Right now, organizations are in the midst of a painful transition. They’re looking at their legacy VDI infrastructure (some of which has been untouched for 10+ years) and they’re wondering about a migration strategy. They can’t stay stuck in 2007, but with so many flavors of EUC solutions, where do you even start to craft a modern, cloud era solution? Moving forward—and doing it “right”—seems almost impossible without a crystal ball.
Gartner predicts that within 2 years 50% of all VDI deployments will be DaaS1, which means that infrastructure and control will eventually be located in the cloud. This suggests that in the future nearly all EUC deployments will inevitably be cloud-based. In the meantime, though, the question is how to prepare today’s IT infrastructure for success when you’re nowhere near ready to go all-cloud?
In this article, we’ll talk about what the EUC landscape looks like in 2017. Plus, we’ll provide an answer for everyone who has been asking themselves: “Where do we go from here? What migration strategy will ensure we're ready to make the leap from today into tomorrow's EUC world?”
Application and desktop delivery solutions in 2017
Today, IT has three different problems to solve when looking to deliver applications and desktops:
- Deliver Virtual Applications: IT uses virtual app delivery when users already have a Windows endpoint. In this scenario, IT wants to deliver 5-7 ”problem” applications to those users. Most commonly deployed virtual applications are the browser and SAP.
- Deliver Server Hosted Desktops: IT uses server-hosted desktops for task worker use cases. In this scenario, end users need 3-5 applications and a familiar Windows interface on a thin client. Here, the most common use case is a call center.
- Deliver Virtual Desktops: IT uses full Windows 7 or Windows 10 virtual desktops for knowledge worker scenarios, in which users may need tens or hundreds of applications.
Until now, there was only one way to deploy these solutions: on-premises. IT spent months procuring hardware, architecting a solution, and then deploying it.
Recently, with the advent of the public cloud as a viable option, IT can now leverage the cloud to deliver these solutions.
This matrix presents your options in a nutshell:
- On-prem: If you want to virtualize your applications and have them available on-prem, then historically you’d choose Citrix XenApp. Just like any technology that was built 10-15 years ago and iterated numerous times, this solution is expensive, complex, and requires significant expertise to install and manage.
- Cloud: To do app virtualization in the cloud, you may look to Citrix Cloud. At its heart, this software is the same as XenApp, and so it shares all the same drawbacks. The difference is that Citrix runs the software in their cloud, so they own the problems associated with management, versioning, upgrading, and patching.
- On-prem: Basically, this solution is a terminal services slice of a backend server that’s made to look like a desktop for users. For this solution, your option is Citrix XenApp.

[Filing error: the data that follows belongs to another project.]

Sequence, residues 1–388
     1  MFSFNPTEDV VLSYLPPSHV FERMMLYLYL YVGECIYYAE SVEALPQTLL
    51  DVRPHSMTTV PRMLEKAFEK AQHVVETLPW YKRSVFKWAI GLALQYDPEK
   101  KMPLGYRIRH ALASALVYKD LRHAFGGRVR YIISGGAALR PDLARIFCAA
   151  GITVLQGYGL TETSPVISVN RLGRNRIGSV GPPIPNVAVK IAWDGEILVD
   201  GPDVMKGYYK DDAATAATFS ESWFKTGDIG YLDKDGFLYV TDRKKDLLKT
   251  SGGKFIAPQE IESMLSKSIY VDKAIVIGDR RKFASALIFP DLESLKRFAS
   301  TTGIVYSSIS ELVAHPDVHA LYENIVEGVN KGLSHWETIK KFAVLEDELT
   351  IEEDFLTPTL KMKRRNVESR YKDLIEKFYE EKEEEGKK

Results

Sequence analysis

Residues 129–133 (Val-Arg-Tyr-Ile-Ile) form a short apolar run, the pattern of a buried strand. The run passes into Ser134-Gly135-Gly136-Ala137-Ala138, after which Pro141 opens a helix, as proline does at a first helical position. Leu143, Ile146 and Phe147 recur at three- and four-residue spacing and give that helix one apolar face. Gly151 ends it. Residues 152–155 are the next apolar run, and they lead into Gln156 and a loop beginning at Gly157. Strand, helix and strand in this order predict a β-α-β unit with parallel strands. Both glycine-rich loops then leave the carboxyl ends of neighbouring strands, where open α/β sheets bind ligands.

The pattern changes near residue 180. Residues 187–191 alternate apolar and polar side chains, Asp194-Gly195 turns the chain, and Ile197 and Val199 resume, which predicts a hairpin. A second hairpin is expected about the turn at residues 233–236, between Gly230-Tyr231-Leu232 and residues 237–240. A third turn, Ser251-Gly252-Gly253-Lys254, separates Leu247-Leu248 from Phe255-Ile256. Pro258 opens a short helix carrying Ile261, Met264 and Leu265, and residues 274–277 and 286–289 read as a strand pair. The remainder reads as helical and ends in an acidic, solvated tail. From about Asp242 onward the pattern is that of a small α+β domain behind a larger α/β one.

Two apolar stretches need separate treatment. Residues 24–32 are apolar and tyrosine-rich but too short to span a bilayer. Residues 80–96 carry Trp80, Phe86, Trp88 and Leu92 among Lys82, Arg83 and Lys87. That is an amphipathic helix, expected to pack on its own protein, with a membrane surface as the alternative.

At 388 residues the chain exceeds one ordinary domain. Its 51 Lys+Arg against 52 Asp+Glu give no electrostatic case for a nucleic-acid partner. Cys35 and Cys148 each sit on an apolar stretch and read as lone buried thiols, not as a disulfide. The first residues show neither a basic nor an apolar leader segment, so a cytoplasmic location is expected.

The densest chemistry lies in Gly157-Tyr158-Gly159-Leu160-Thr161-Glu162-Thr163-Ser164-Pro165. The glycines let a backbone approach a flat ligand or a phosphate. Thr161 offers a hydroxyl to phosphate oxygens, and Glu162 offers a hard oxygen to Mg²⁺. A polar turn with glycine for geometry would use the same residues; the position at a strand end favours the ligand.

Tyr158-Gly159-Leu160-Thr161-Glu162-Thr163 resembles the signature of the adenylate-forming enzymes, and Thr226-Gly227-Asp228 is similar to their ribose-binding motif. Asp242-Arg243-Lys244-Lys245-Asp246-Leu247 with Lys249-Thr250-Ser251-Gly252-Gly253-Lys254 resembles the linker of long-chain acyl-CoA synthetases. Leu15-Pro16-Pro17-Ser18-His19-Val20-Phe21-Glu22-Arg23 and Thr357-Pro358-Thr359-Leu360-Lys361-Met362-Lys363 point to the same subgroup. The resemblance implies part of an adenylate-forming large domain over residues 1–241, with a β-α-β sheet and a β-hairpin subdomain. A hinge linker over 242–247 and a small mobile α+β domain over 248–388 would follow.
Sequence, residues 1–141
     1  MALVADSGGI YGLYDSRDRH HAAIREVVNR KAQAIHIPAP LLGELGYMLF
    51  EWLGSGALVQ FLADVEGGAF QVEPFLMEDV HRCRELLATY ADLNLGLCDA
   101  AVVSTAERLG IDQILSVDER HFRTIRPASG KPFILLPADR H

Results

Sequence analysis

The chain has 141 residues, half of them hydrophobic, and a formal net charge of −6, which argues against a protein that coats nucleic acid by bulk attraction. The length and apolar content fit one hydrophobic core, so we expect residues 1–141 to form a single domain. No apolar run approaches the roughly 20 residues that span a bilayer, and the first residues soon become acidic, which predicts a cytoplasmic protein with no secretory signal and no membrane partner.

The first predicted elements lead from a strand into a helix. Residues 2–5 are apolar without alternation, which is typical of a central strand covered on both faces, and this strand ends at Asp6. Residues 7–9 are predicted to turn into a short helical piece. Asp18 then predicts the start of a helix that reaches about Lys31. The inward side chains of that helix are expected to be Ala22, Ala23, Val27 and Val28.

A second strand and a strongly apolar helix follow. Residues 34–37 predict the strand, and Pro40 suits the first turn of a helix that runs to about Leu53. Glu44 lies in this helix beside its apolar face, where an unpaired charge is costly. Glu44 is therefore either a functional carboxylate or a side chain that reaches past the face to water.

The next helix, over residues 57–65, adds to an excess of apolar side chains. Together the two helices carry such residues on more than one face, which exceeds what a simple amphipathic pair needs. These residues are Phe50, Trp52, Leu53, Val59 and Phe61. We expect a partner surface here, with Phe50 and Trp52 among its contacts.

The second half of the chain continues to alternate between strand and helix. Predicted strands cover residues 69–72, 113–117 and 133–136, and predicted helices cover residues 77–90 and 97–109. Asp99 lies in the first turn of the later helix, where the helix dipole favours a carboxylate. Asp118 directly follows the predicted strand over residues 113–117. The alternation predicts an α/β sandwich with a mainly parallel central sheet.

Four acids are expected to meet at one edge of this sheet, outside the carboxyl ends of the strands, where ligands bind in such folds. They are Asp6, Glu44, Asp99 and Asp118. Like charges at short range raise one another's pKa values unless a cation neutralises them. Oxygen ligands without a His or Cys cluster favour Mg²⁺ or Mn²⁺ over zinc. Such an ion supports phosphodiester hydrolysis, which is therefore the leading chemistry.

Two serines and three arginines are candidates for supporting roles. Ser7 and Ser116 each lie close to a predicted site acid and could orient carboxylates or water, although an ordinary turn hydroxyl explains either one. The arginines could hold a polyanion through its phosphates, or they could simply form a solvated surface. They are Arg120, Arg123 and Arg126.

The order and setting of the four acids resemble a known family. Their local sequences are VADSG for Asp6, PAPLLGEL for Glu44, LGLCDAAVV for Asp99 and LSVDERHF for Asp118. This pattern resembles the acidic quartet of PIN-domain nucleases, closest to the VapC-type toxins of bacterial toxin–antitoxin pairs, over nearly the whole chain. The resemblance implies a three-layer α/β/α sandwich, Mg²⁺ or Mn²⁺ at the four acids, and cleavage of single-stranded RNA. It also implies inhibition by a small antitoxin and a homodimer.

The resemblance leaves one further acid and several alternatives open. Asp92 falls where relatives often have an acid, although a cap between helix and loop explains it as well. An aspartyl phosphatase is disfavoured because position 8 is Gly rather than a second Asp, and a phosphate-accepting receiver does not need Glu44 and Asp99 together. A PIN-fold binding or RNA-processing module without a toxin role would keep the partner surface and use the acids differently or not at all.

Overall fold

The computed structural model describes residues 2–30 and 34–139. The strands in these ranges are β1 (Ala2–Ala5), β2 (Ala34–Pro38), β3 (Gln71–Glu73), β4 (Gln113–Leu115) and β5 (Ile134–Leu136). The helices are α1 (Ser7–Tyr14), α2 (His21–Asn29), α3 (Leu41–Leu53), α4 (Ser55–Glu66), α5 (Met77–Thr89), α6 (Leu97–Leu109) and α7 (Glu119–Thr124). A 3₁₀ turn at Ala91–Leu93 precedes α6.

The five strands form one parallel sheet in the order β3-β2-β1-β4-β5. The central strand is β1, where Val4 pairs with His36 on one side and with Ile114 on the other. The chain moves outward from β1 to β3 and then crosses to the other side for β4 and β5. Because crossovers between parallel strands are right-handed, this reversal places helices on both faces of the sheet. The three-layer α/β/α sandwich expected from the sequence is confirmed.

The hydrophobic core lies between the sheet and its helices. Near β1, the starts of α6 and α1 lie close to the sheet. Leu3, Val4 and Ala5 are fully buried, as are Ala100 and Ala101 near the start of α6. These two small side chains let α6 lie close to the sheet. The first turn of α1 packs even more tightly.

- Cloud: If you want to run hosted desktops in the cloud, you can go with Amazon WorkSpaces or VMware Horizon Air. These solutions also offer a terminal services slice. They work for limited situations, such as call centers, and aren't very useful for power users.
- On-prem: For full-on Windows desktop virtual machines, you can choose between Citrix XenDesktop or VMware Horizon View. Both options have been around for 10+ years. As a result, they feature all of the associated drawbacks of software that has been iterated to a point where it's complicated and requires expensive experts to deploy.
- Cloud: To run virtual desktops in the cloud, you could choose Citrix Cloud XenDesktop Essentials, which is a stripped down version of the software and leaves you completely responsible for the provisioning and infrastructure. Or you can choose Amazon WorkSpaces, which means you’ll be running dedicated servers at Amazon; they will run your servers for you, but you will manage them (there is a 200-user minimum).
What if you need to solve more than one problem?
Here’s the rub. Just choosing one of these scenarios won’t--and can’t--possibly satisfy the majority of organizations in today’s IT environment. Why? Because the world and the workforce has become more mobile; different types of workers have unique computing needs; and then there's regulatory and compliance considerations. As a result, most organizations need some things in the cloud and other things on-prem. They need a hybrid solution. With a hybrid solution, they can serve employees using their own devices (BYOD), as well as satellite offices that don't have on-prem data centers.
In this brave new IT world of constant change, there’s no time and no resources to spend 9+ months building out a hybrid infrastructure on your own. Old-fashioned approaches to EUC don't make sense any more. If you don’t know where to start, you’re not alone. That’s where Workspot can help.
Where to go from here
Workspot offers the only solution on the market that enables you to deliver virtualized apps, server-hosted desktops, and virtual desktops--from the cloud, on-prem, or both.
Think about that for a minute. You can now have your dream scenario: You can manage all of your desktops and apps, regardless of whether they're on Azure or on-prem, from a single pane of glass. Workspot is a one-stop shop--there's just one bill and one user interface to manage everything.
And you can deploy the solution in less than 1 day.
Try Workspot, there's no risk
Workspot offers the industry’s first, no-risk engagement model. There are no hidden upgrades or support fees. After implementation if you're not happy, you won't pay until you are. If Workspot can't make you happy, during the 30-45 day mark there is a no-risk "out" clause with zero penalties.
1 Gartner, Market Guide for Desktop as a Service Published: 01 August 2016